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August 7, 2022 Reading Time: < 1 minute

Proponents of free markets often provide excellent economic arguments, but what about the moral argument for free markets vs. interventionist systems? What kinds of virtues can free markets encourage?

Dr. Samuel Gregg and Kate Wand explore how government interventions such as protectionism and tariffs do not provide incentives to be creative and lead to higher prices, cronyism, and inefficiency.

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Samuel Gregg

Samuel Gregg

Samuel Gregg is Distinguished Fellow in Political Economy and Senior Research Faculty at the American Institute for Economic Research. He has a D.Phil. in moral philosophy and political economy from Oxford University, and an M.A. in political philosophy from the University of Melbourne.

He has written and spoken extensively on questions of political economy, economic history, monetary theory and policy, and natural law theory. He is the author of sixteen books, including On Ordered Liberty (2003), The Commercial Society (2007), Wilhelm Röpke’s Political Economy (2010); Becoming Europe (2013); Reason, Faith, and the Struggle for Western Civilization (2019); The Essential Natural Law (2021); and The Next American Economy: Nation, State and Markets in an Uncertain World (2022). Two of his books have been short-listed for Conservative Book of the Year. Many of his books and over 400 articles and opinion pieces have been translated into a variety of languages. He is also a Contributor to Law and Liberty, a Fellow of the Royal Historical Society, an Affiliate Scholar at the Acton Institute, a Fellow of the Center for the Study of Law and Religion at Emory University. He also serves as a Visiting Scholar at the Heritage Foundation.

He has published in journals such as the Harvard Journal of Law and Public Policy; Journal of Markets & Morality; Economic Affairs; Law and Investment Management; Journal des Economistes et des Etudes Humaines; Notre Dame Journal of Law, Ethics and Public Policy; Oxford Analytica; Communio; Journal of Scottish Philosophy; University Bookman; Foreign Affairs; and Policy. He is a regular writer of opinion-pieces which appear in publications such as the Wall Street Journal Europe; First Things; Investors Business Daily; Law and Liberty; Washington Times; Revue Conflits; American Banker; National Review; Public Discourse; American Spectator; El Mercurio; Australian Financial Review; Jerusalem Post; La Nacion: and Business Review Weekly. He has served as an editorial consultant for the Italian journal, La Societa, and American correspondent for the German newspaper Die Tagespost. He has also been cited in the New York Times, the Wall Street Journal, Forbes, Time Magazine, Christian Science Monitor, the Washington Post, the New Yorker, and the Holy See’s L’Osservatore Romano.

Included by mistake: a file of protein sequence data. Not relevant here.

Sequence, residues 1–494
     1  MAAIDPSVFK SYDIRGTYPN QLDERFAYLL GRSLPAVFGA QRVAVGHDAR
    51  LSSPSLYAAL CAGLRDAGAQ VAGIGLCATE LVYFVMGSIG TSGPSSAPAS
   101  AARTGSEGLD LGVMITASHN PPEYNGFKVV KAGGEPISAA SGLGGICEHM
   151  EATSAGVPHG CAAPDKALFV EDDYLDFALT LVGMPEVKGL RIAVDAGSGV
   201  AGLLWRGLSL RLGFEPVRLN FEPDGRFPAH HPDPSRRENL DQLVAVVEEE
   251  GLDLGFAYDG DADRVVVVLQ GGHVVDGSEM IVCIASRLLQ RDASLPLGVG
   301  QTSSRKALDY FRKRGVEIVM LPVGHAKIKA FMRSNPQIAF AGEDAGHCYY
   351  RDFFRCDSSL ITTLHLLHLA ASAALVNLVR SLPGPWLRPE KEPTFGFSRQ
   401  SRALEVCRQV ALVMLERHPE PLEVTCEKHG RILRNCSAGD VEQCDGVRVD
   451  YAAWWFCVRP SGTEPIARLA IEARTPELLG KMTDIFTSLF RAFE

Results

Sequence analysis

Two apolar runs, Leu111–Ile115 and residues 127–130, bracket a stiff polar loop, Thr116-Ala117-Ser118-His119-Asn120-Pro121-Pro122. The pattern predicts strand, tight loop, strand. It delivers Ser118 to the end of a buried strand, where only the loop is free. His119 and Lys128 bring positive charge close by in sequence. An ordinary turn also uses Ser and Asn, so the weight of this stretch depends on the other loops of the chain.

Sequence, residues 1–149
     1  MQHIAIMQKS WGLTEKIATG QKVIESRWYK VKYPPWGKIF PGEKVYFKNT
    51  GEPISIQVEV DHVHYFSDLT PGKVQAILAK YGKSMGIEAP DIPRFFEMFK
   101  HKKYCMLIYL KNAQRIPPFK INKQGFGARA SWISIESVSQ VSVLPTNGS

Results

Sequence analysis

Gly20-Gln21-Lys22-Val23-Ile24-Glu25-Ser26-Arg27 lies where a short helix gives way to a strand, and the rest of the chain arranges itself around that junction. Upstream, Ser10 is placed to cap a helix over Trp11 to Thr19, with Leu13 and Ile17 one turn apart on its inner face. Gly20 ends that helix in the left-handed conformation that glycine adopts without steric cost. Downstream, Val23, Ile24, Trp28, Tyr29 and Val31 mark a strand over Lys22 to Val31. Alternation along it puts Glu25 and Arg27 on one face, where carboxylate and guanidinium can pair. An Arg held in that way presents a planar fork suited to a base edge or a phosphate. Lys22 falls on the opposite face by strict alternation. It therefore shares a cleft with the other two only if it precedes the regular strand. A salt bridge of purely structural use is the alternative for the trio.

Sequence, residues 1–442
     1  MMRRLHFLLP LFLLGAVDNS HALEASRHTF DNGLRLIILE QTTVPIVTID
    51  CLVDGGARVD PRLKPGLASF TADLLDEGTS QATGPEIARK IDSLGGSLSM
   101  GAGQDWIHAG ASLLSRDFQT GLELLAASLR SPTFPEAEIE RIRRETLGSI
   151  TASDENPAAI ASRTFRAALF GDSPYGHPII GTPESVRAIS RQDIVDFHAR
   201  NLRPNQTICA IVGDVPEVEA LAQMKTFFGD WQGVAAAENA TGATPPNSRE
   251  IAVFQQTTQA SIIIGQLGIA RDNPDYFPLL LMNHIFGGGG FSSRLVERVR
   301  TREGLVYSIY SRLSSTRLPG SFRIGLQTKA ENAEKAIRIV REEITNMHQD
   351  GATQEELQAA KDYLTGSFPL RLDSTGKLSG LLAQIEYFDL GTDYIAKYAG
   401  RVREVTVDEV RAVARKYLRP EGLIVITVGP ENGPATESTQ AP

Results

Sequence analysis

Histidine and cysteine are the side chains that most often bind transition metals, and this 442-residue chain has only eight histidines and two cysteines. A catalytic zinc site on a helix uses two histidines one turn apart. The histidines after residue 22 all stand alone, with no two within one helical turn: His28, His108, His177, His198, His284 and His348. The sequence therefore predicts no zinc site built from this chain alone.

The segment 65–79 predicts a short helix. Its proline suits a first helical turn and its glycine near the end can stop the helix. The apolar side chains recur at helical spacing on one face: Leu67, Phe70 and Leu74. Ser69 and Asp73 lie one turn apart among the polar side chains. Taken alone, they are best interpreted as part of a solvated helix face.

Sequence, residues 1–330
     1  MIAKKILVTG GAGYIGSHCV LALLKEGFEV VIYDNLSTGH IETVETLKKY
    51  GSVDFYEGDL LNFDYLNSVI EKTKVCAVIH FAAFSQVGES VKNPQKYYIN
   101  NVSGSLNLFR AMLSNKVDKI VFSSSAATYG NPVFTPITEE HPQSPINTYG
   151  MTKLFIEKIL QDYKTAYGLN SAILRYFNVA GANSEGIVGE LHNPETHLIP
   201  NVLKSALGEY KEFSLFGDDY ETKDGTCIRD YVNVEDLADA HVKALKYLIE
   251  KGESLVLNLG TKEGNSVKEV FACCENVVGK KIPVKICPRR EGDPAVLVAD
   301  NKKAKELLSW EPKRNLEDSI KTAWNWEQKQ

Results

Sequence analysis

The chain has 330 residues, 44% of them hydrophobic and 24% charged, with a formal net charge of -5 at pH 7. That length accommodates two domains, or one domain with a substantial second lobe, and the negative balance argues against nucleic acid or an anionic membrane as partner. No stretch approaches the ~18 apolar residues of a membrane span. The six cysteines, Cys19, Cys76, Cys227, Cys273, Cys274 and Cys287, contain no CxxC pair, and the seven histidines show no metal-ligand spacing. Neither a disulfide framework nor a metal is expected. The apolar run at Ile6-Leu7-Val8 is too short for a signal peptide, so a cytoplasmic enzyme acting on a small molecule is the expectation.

In 2001, he was elected a Fellow of the Royal Historical Society, and a Member of the Mont Pèlerin Society in 2004. In 2008, he was elected a member of the Philadelphia Society, and a member of the Royal Economic Society. In 2017, he was made a Fellow of the Center for the Study of Law and Religion at Emory University. He served as President of the Philadelphia Society from 2019-2021.

He is the General Editor of Lexington Books’ Studies in Ethics and Economics Series. He also sits on the Academic Advisory Boards of the Institute of Economic Affairs, London; Campion College, Sydney; the La Fundación Burke, Madrid; the Instituto Fe y Libertad, Guatemala; and as well as the editorial boards of the Journal of Markets and Morality and Revista Valores en la sociedad industrial.

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Kate Wand

Kate Wand is a content creator. Her focus is social commentary and filmmaking. She is the host of AIER’s Liberty Curious podcast.

You can follow her on Twitter @katewand.

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